Wednesday, July 28, 2010

Wordpress Shortcodes

Haven't done much work with Wordpress before, but a few of our current contracts have required us to dig in pretty deeply. Wordpress is impressive in how it can hide the guts from the users and authors while letting us get at the back end to tweak and make updates.

One of the features we thought was missing was some way to do simple text replacement for pieces of text or html that repeat in a lot of places. We spent our time Googling for things like wordpress macro, wordpress text replace, auto-complete and others. We found lots of plug-ins but none were really what we wanted or were not certified to work with the versions of Wordpress our clients are using.

Then we stumbled across the proper vocabulary word: shortcode! Wordpress has a whole api and everything. Basically though, a shortcode is just a php function that returns some value when called. Another little function call to add_shortcode placed in the functions.php file is all that is required to set them up.

The best part is that for most Wordpress themes, the functions.php file can be edited from the administrator interface. So, we don't need access to our client's server or ftp. This will make maintenance much easier in the future.

Here is a simple example:
First we have the function we want
function TA_address(){
return '<a href = "">Visit our website for good times</a>';

Then just below that in the functions.php file we add our shortcode to Wordpress' master list


Now we can enter our new shortcode [TAwebsite] into our Wordpress pages wherever we want to have our website address. We can enter this from the regular blog post or page editor. We don't even have to switch over to the html view. And perhaps the best part of the whole deal...we can change the string that the shortcode returns in one place and it instantly changes across our whole website.

So, if there is a piece of code you need on EVERY page of your site, edit the template file. If there is a piece of code you need at the same place on every page, look at the widgets and menus. If there is a piece of code that you need a lot but not everywhere, then a shortcode might be just the ticket.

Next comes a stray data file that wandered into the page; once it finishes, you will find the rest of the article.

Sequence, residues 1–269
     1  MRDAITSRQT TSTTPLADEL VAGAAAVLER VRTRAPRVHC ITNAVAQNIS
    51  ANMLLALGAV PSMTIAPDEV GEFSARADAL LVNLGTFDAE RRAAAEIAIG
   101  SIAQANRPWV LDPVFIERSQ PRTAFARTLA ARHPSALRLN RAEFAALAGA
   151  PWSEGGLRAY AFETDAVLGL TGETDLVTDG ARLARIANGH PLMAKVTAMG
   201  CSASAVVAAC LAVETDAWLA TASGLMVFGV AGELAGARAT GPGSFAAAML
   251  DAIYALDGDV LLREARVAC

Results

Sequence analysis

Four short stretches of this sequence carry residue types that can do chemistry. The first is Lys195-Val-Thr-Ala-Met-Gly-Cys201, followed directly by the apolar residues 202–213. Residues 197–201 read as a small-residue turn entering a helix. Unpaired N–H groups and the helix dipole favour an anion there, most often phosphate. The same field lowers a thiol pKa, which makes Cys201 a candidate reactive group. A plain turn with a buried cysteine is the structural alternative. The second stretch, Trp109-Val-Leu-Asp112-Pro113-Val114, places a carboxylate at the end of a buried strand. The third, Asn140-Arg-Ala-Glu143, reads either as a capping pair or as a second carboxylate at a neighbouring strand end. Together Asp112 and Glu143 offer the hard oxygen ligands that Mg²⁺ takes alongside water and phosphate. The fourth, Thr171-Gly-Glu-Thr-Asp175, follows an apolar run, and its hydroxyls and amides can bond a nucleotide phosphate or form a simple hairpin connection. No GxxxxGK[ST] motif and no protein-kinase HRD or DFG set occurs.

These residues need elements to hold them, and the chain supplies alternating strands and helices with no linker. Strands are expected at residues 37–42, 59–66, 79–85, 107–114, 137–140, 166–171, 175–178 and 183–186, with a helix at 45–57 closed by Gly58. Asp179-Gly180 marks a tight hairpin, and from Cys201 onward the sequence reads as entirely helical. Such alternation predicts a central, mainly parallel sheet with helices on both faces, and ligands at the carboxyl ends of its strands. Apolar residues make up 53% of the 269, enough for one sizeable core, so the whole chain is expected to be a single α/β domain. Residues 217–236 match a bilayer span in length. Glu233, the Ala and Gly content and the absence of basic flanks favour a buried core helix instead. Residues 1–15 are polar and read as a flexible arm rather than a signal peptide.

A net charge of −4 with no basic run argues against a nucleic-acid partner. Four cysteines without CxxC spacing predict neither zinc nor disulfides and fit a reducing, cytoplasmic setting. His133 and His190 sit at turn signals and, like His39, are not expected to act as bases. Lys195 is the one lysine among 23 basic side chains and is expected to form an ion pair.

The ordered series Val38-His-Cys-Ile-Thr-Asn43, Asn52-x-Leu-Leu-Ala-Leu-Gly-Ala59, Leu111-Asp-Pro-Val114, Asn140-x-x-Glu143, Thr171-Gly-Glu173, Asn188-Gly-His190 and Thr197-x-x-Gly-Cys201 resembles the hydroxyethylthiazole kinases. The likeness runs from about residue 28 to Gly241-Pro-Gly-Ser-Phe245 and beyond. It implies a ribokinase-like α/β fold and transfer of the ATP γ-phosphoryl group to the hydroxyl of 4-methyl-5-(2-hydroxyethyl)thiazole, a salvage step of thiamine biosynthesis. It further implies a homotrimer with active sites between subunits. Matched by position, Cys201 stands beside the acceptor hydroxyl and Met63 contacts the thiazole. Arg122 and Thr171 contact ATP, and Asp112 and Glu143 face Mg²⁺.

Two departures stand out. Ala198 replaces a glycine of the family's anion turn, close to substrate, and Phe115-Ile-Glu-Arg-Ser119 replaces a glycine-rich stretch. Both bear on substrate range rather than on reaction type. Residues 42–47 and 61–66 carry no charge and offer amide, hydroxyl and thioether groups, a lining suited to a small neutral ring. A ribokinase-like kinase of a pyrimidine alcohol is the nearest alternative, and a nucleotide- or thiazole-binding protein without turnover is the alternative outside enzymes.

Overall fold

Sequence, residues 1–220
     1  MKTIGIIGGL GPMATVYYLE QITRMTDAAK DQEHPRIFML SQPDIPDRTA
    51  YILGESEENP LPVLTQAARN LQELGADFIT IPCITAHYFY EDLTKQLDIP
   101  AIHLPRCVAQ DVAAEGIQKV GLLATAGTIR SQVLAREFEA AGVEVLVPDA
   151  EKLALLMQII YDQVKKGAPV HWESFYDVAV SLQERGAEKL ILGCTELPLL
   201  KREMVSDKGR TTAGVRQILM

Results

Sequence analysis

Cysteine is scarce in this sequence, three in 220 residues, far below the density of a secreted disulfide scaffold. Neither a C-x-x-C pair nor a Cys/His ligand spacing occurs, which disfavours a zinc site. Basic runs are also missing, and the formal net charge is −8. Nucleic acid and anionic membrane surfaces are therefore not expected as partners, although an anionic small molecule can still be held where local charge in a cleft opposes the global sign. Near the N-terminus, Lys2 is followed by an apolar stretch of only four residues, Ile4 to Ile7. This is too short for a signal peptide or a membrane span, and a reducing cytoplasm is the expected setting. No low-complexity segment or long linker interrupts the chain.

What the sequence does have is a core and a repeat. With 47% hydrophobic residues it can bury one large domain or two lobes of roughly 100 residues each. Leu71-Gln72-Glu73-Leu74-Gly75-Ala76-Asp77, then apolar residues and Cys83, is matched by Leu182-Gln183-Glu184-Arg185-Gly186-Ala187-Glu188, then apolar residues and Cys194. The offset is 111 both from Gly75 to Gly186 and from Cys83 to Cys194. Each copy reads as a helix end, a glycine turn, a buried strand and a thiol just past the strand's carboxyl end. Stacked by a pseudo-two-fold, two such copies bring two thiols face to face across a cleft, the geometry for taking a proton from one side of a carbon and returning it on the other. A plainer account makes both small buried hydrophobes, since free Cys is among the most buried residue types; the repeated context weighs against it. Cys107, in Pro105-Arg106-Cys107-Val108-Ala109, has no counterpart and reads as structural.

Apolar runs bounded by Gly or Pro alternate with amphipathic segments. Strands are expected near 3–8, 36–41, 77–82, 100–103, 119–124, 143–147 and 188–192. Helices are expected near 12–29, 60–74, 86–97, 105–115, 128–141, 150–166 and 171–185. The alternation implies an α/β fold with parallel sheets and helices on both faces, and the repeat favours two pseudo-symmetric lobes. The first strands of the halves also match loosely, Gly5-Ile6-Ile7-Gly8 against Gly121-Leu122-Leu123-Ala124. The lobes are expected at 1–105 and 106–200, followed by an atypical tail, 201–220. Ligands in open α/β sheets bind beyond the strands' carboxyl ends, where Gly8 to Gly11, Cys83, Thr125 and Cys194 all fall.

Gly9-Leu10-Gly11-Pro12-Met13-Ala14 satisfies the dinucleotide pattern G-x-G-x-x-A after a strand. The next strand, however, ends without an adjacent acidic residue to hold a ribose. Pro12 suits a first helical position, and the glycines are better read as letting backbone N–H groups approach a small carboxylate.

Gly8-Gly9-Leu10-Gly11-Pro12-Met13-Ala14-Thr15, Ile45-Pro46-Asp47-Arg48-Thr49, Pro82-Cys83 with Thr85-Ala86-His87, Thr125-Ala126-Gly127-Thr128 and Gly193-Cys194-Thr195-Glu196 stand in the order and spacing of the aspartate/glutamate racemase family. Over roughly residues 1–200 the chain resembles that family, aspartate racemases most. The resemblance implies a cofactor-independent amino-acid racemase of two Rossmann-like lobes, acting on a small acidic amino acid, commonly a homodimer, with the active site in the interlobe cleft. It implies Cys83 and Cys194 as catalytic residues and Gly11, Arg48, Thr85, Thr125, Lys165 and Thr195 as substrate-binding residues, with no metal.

It is important to note that if your shortcode is named the same as another shortcode bad things will happen. Best practice is to prepend your shortcodes with some identifier (like "TA" for mine) that is unlikely to be used by other people. The more we use open source stuff, the more we're realizing the importance of getting to the habit of adding an identifier to ALL functions and other broadly scoped objects.
Shortcodes can do much more than just text replacement. Here is a nice list of some more advanced usages.

Quality Control

We know that paying attention to each detail is difficult. Missing a mistake is a downside of the Apple App Store process. This mistake will take the owners about 5 seconds to fix, but will take a recompile, resubmit, update cycle to get deployed....weeks.

It's unfortunate that this is one of the very first images that any new user of the application will see after they download.

When we see things like this, it makes us EVEN MORE paranoid about polishing every last detail of our own applications. There's a fine line between polishing and goldplating though. It's tough not to cross it.

Tuesday, July 27, 2010

Adapting AudioStreamer for TapLynx

Matt Gallagher has made a cool library that does audio streaming. We have adapted his library for use with the TapLynx framework and released it on github. You can get your own copy of the library at github.
The TapLynx framework lets someone with limited programming experience produce professional applications for use in the Apple App store. A TapLynx based application can be controlled by changing settings in a single .plist file. This file can be local to the application or hosted on a remote web server.

The AudioStreamer adaptation is mostly controlled from settings in the NGConfig.plist that controls the rest of a TapLynx application. Modifications to the UI can be made by editing a single .xib file (TAStreamingPlayer.xib).
If the plugin is fed a single mp3 feed it will open a basic player and let the user listen to the stream. Per the design of the underlying AudioStreamer library, the soundfile can be either a continuous stream or of a finite duration.

If the plugin is
fed an array of streams, it will present the user with a picker view so that they can choose among the streams.

Instructions for loading the plugin and installing it within your TapLynx application can be found in the readme that is in the repository. There is also a sample plist file to show how the array of streams needs to be formatted.

This has been a fun project for us and we will post a few of the interesting things we learned while working on it over the next few days. Please enjoy the library and use it in your projects. Tyree Apps would love attribution either on your website or your blog. We are also happy to engage in projects to customize the plugin or to create other custom plugins for hire.